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The Hon.
 Patrick Brazeau

Assumed office 
January 8, 2009
Preceded by Marisa Ferretti Barth

Born November 11, 1974 (1974-11-11) (age 35)
Kitigan Zibi, Quebec
Political party Conservative
Profession activist

Patrick Brazeau (born November 11, 1974) is a Canadian aboriginal activist and senator sitting with the Conservative Party. From February 2006 until January 2009 he held the position of national chief of the Congress of Aboriginal Peoples.

Brazeau is an Algonquin from the Kitigan Zibi reserve near Maniwaki. He served with the Canadian Forces Maritime Command aboard the HMCS Carleton, and also earned a degree in social sciences and has studied civil law at the University of Ottawa.

Brazeau joined the Congress in 2001 and was elected vice-chief in April 2005. He served as acting national chief from February 2006 until his election later in November of the same year. He is a member of CAP's affiliate, Alliance Autochtone du Quebec Inc. also known was the Native Alliane of Quebec, or the AAQ or NAQ.[1].

Fluent in both official Canadian languages, English and French, Brazeau's language preference is French.

On December 22, 2008, Brazeau was named to the Senate of Canada on the advice of Prime Minister Stephen Harper.[2] He was sworn in as a senator on January 8, 2009.


Brazeau was criticized for his initially stated intention to serve in the Senate and concurrently remain national chief of the CAP thus collecting two publicly-funded six-figure salaries, a decision which he subsequently retreated from by resigning as CAP chief. [3] He has also come under fire over a sexual harassment complaint made against him to the Human Rights Tribunal of Ontario [4] and for allegedly condoning heavy drinking during business hours. [5] Brazeau resigned [6]from his position of national chief of the Congress of Aboriginal Peoples on January 9, 2009, issuing the following statement [7] on the Congress of Aboriginal Peoples' website:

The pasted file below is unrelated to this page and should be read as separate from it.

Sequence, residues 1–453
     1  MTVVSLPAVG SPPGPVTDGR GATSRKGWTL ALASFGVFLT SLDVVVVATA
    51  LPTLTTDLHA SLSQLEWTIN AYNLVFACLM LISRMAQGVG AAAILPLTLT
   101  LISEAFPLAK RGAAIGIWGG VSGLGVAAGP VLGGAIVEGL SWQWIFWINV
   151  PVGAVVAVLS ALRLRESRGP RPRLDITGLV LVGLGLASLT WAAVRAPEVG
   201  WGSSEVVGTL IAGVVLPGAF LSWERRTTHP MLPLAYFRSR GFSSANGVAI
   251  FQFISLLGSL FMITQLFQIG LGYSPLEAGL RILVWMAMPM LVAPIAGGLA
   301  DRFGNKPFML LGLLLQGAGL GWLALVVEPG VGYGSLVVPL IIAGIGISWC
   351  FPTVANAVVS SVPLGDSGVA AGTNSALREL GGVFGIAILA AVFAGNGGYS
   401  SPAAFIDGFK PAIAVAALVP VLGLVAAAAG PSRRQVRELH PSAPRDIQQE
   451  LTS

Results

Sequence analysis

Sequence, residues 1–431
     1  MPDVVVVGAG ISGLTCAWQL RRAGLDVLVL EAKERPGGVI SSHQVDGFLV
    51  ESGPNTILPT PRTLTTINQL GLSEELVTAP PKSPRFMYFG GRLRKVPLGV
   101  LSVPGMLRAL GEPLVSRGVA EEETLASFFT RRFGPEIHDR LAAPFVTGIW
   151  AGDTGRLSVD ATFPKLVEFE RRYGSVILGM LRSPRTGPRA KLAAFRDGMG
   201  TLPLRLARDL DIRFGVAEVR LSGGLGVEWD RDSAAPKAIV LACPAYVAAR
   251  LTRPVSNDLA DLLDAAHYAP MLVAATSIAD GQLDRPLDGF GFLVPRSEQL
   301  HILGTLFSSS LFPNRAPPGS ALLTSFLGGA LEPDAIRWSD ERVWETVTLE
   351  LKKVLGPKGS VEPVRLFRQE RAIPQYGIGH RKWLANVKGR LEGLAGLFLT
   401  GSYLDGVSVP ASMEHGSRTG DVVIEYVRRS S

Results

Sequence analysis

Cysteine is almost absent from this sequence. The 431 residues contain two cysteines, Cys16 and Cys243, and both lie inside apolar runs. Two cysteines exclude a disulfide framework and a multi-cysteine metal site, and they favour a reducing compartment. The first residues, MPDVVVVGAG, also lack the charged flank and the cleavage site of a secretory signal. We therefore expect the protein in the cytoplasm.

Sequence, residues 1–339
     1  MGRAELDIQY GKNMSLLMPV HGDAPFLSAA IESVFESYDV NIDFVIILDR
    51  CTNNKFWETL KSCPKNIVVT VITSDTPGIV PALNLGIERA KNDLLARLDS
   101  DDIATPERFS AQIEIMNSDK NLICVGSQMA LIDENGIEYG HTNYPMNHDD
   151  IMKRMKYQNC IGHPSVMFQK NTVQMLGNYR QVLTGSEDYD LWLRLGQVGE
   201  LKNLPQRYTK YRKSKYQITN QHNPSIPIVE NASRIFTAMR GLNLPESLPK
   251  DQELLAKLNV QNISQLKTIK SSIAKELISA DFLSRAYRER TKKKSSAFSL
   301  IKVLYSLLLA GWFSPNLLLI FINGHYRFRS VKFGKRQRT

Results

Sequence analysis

"In December 2008, I was honoured by my nomination to the Senate of Canada by the Prime Minister, the Right Honourable Stephen Harper. Such an appointment is a great privilege and affords me the considerable opportunity to continue my public service to Canada. My goal is and has always been to serve Canada’s Aboriginal peoples and my country to the best of my skills and abilities, in a manner that is accountable, responsible and transparent. I am committed to bringing this same discipline to my role as a Senator in the Parliament of Canada. To this end, I have decided to step down from my position as National Chief of the Congress of Aboriginal Peoples effective immediately. I am eager to fully embrace my new role and to contribute to the important work of the Senate of Canada. I am committed to continuing my advancement of Aboriginal issues and opportunities across Canada. Further, I relish the opportunity to build upon the achievements of Prime Minister Harper’s government."

In addition, he has faced allegations around the spending of funds received by the Congress of Aboriginal Peoples for aboriginal health programs. The Globe and Mail reported on January 19, 2009 that Health Canada auditors rejected almost $260,000 in congress expenses out of a budget of $472,900 allocated to the congress by the ministry, alleging that much of the money had been spent on board meetings where health issues were not discussed.[8] Conservative Party spokesman Kory Teneycke indicated that the alleged misspending occurred before Brazeau became chief of the organization, and that Brazeau took steps to address the problem once he took over the leadership.[9]


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